The section covering 'Access Control Lists' covers the mechanisms The section covering 'Access Control Lists' covers the mechanisms
that need to be investigated for file system level control. The that need to be investigated for file system level control. The
section that covers RPC security deals with individual user section that covers RPC security deals with individual user
authentication along with data integrity and privacy issues. This authentication along with data integrity and privacy issues. This
section also covers negotiation of security mechanisms. These section also covers negotiation of security mechanisms. These
sections should be consulted for additional discussion and detail. sections should be consulted for additional discussion and detail.
NFSv4 NFSv4 Design Considerations April 1999
10.1. Denial of Service 10.1. Denial of Service
As with all services, the denial of service by either incorrect As with all services, the denial of service by either incorrect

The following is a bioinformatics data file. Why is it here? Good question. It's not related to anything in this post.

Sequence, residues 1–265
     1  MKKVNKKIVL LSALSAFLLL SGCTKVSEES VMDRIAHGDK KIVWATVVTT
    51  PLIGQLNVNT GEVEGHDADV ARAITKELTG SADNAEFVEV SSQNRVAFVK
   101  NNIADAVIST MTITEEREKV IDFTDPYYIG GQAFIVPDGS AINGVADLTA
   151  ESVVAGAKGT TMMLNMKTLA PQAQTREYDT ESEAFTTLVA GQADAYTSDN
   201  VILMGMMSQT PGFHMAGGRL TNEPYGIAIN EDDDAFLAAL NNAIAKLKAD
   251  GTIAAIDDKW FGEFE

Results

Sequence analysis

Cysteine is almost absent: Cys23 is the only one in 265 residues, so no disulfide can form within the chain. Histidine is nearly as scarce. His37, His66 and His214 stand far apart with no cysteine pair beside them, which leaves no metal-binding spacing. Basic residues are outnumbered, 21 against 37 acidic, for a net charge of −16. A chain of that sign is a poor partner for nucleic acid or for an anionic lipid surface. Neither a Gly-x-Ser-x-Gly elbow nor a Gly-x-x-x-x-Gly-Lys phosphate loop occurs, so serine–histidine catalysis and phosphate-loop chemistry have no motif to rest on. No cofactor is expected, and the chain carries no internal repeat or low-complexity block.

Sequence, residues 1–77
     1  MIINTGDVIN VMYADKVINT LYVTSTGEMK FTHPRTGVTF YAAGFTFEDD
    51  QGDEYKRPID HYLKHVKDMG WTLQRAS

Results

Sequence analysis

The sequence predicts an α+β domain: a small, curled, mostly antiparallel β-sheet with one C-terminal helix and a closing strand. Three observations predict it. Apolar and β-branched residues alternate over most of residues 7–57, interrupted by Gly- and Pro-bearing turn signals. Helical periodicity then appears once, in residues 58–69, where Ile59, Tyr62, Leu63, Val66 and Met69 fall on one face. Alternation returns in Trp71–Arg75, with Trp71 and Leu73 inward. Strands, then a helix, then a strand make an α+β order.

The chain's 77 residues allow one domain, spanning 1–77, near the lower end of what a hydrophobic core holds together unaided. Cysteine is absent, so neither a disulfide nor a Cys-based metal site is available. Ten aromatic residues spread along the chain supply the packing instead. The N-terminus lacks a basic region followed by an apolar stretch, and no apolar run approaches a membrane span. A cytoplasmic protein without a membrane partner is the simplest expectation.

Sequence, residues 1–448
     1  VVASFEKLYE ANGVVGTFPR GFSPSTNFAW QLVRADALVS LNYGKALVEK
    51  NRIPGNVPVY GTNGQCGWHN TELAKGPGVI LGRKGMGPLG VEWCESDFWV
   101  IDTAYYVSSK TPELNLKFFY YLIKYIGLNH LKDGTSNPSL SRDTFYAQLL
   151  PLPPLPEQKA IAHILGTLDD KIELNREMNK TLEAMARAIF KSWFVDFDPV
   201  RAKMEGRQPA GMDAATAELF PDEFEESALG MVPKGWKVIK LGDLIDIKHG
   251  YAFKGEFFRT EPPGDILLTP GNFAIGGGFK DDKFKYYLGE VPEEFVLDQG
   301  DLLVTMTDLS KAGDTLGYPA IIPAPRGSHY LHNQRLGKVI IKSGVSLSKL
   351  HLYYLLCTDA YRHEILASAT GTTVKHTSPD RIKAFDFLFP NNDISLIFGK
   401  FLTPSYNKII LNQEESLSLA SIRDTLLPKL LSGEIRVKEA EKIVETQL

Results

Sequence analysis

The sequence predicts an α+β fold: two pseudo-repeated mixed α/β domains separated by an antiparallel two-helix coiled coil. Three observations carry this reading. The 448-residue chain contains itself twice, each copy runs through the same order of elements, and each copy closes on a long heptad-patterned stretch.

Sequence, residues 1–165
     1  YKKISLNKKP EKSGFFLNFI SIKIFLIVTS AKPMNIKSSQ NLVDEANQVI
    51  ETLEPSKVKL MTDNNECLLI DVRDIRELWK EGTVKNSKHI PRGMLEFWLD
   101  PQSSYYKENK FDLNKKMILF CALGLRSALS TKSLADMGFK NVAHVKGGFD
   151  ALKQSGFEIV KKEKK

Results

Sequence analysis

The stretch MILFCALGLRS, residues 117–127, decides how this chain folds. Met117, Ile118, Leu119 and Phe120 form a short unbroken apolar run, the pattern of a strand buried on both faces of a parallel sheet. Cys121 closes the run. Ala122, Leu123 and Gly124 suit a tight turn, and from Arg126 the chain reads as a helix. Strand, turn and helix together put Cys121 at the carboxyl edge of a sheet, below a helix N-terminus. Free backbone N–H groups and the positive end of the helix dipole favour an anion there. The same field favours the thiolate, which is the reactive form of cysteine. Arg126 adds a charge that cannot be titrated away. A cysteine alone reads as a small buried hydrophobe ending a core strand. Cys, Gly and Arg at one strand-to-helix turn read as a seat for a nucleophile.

implementations or malicious agents is always a concern. With the implementations or malicious agents is always a concern. With the
target of providing NFS version 4 for Internet use, it is all the target of providing NFS version 4 for Internet use, it is all the
more important that all aspects of the NFS version 4 protocol be more important that all aspects of the NFS version 4 protocol be
reviewed for potential denial of service scenarios. When found these reviewed for potential denial of service scenarios. When found these
potential problems should be mitigated as much as possible. potential problems should be mitigated as much as possible.
NFSv4 NFSv4 Design Considerations April 1999 NFSv4 NFSv4 Design Considerations May 1999